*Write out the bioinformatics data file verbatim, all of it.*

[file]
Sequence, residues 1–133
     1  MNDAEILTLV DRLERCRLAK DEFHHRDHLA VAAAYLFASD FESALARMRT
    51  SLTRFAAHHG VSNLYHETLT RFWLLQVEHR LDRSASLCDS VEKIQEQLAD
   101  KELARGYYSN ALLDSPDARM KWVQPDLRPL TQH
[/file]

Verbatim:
Sequence, residues 1–133
     1  MNDAEILTLV DRLERCRLAK DEFHHRDHLA VAAAYLFASD FESALARMRT
    51  SLTRFAAHHG VSNLYHETLT RFWLLQVEHR LDRSASLCDS VEKIQEQLAD
   101  KELARGYYSN ALLDSPDARM KWVQPDLRPL TQH